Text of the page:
"The First Man on the Moon": the character of a man who made the footprint that united Humanity

"The First Man on the Moon": the character of a man who made the footprint that united Humanity

After "La La Land", Damien Chazelle and Ryan Gosling join forces again, adapting James R. Hansen's book "First Man: The Life of Neil A. Armstrong."

"The First Man on the Moon" is a mission film that chronicles the events inside NASA and the personal life of Armstrong (Ryan Gosling) during the Apollo 11 operation.

Contrasting the intimacy and uniqueness of the family with the infinity of space, it is a drama about a simple man, where sacrifice and resilience are endured with an ironic humor and the seriousness of knowing how to heal the wounds side by side with the wife (Claire Foy).

But it is also a thriller where Chazelle tried to be as authentic as possible, presenting the madness, the limit of error and overcoming the dangerous barriers that at the time the technology made available.

The film thus has an analogical, visceral aspect that makes us witness an incredible feat, side by side with our stoic hero: inside the cockpit and then in the vastness of space, marking the first footprint on the moon.

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In the performance, backed by names like Jason Clarke or Corey Stoll, Claire Foy and Ryan Gosling are the Armstrong, the family that took the man to the moon.

Claire Foy is Janet and carries the weight of the mission. She knows that Neil can die at any loose bolt, and that the support of the house and family are in his hands.

Ryan Gosling is calm, minimalist, cerebral and a craftsman of emotions, interpreting a man prepared to take everything to the limit, to the breaking point … and then to rejoin the pieces and build again.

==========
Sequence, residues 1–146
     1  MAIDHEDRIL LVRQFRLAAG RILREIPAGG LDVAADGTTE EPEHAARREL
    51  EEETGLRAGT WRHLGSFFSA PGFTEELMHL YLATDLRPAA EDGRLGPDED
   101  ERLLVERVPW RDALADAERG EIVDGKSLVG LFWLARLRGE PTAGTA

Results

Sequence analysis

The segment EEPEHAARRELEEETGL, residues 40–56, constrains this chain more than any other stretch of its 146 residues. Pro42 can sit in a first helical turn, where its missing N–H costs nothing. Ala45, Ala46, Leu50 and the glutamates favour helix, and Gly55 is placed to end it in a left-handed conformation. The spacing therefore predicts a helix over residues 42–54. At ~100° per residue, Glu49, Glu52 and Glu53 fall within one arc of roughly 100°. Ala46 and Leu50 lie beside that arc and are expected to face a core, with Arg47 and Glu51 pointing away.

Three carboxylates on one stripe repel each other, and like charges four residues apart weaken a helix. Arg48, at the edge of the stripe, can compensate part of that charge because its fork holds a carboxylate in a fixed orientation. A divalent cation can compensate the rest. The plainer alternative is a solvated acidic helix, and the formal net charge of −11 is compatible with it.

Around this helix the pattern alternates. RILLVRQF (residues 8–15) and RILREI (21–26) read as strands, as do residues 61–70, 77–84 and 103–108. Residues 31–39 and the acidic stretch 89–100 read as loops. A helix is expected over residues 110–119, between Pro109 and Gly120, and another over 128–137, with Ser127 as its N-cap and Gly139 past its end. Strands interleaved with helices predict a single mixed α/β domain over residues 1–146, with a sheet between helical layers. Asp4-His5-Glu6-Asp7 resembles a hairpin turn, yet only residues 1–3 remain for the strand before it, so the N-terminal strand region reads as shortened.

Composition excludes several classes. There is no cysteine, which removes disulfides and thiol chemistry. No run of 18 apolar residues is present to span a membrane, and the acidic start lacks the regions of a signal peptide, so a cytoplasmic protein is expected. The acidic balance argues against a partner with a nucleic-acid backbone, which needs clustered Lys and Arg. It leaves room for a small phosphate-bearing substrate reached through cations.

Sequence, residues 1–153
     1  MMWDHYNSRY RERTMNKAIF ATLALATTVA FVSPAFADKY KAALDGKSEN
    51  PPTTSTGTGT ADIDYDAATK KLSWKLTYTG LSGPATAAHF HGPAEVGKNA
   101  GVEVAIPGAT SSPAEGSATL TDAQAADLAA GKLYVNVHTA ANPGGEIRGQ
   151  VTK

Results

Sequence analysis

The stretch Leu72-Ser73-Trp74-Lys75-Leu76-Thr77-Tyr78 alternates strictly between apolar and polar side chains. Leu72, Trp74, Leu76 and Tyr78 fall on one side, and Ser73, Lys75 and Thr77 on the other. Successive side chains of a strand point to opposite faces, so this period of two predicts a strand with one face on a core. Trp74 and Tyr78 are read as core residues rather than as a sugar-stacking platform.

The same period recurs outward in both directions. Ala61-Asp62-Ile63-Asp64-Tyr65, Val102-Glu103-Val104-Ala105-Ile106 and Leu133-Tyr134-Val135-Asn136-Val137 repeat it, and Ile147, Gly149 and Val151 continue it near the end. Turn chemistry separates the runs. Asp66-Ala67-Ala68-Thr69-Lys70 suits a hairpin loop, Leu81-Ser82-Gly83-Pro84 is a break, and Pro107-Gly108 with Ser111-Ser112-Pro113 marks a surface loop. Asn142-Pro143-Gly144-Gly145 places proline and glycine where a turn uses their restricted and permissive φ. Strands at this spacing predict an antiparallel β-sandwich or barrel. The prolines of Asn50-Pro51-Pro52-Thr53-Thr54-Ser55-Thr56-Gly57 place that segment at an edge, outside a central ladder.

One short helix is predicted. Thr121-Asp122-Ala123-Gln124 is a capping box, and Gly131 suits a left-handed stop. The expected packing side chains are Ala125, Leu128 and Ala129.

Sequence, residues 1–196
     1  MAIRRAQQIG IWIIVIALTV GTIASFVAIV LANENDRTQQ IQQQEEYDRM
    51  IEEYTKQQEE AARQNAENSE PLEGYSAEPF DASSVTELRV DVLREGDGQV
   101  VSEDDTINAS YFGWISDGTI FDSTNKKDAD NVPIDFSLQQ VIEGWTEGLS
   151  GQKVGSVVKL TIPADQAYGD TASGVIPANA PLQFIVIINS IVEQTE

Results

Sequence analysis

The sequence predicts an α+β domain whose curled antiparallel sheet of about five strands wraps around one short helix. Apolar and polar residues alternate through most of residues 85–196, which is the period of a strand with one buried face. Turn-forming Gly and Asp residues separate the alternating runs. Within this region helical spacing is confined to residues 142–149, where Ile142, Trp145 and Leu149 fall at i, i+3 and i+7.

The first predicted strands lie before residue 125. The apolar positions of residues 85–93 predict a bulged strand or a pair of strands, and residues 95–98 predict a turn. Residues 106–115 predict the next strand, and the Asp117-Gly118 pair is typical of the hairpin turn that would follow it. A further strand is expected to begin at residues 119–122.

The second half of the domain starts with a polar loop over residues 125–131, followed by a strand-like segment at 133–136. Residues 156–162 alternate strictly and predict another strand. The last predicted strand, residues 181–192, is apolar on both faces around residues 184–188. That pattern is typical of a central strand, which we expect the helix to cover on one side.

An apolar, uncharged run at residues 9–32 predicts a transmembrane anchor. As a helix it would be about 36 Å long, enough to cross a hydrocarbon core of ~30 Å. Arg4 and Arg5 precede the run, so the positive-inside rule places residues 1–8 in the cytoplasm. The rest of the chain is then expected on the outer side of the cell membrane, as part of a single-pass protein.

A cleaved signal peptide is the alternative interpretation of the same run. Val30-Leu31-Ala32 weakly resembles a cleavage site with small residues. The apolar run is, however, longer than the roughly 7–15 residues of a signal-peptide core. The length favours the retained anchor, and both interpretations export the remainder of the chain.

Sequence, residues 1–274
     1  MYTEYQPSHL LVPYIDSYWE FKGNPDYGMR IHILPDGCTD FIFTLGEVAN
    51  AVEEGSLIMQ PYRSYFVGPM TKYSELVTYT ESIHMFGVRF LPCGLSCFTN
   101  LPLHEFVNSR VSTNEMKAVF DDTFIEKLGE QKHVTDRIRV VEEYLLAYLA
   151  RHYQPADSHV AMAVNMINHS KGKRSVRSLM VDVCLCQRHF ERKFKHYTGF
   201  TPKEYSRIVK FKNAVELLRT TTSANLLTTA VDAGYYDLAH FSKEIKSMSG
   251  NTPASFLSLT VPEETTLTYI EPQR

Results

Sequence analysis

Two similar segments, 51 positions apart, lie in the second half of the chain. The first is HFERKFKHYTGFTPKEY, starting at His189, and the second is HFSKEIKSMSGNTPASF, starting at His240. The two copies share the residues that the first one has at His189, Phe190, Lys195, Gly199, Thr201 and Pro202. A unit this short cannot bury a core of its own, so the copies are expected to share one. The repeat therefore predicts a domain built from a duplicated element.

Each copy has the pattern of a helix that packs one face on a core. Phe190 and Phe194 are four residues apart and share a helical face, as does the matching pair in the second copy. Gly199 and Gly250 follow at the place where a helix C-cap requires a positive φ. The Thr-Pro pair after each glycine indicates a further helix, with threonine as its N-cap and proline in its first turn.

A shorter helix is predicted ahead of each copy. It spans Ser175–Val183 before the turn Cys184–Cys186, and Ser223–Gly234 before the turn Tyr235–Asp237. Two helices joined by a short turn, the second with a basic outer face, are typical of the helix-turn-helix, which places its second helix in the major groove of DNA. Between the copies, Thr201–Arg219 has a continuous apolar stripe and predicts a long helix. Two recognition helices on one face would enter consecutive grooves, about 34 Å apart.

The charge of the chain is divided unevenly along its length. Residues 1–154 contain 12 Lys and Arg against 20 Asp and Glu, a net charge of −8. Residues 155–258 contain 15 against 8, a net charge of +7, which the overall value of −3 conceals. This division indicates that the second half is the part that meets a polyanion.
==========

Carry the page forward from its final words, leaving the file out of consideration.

Chazelle holds the audience inside the cockpit, looking for a feeling of wonder and admiration, making us live the impact of the material closely, the nerves to the skin, the claustrophobia with the infinite space next to it.

For that, the wit of the photography team and the "design" of production is incredible. 3D miniatures and various formats were used to reveal a more documentary aesthetic than a modern "biopic".

With 16mm film, director of photography Linus Sandgren explores the intimacy of the family, advances to 35mm giving us the NASA industrialist and expands to 65mm, with the immensity of the moon, in a magical moment to see in the cinema, in IMAX .

There he also uses the Hasselblad cameras, the ones Aldrin and Armstrong used to take the iconic photographs, playing with the charm of our memory.

Thus, the detail and the intimate present at the heart of Armstrong is not lost and its representation of humanity echoes from that first footprint, the universe outside.

"The First Man on the Moon" is the celebration of mankind's ingenuity and a cinematographic triumph.

"Thelma": in cinemas on October 18th.

Review: Daniel Antero

Learn more at the Cinemic website.


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